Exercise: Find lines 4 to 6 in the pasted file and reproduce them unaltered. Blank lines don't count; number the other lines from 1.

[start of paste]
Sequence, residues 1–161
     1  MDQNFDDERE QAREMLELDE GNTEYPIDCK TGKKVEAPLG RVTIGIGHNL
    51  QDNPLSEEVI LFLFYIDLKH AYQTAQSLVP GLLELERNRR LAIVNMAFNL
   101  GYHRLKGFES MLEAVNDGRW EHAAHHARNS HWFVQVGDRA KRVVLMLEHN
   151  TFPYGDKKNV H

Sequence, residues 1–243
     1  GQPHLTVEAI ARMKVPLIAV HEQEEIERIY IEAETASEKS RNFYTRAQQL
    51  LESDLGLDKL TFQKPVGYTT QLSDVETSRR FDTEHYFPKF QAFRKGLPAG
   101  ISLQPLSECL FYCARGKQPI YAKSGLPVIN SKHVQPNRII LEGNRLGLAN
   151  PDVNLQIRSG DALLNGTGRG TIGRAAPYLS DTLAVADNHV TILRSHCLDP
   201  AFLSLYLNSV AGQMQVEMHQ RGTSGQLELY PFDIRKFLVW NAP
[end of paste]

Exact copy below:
   101  GYHRLKGFES MLEAVNDGRW EHAAHHARNS HWFVQVGDRA KRVVLMLEHN
   151  TFPYGDKKNV H

Sequence, residues 1–243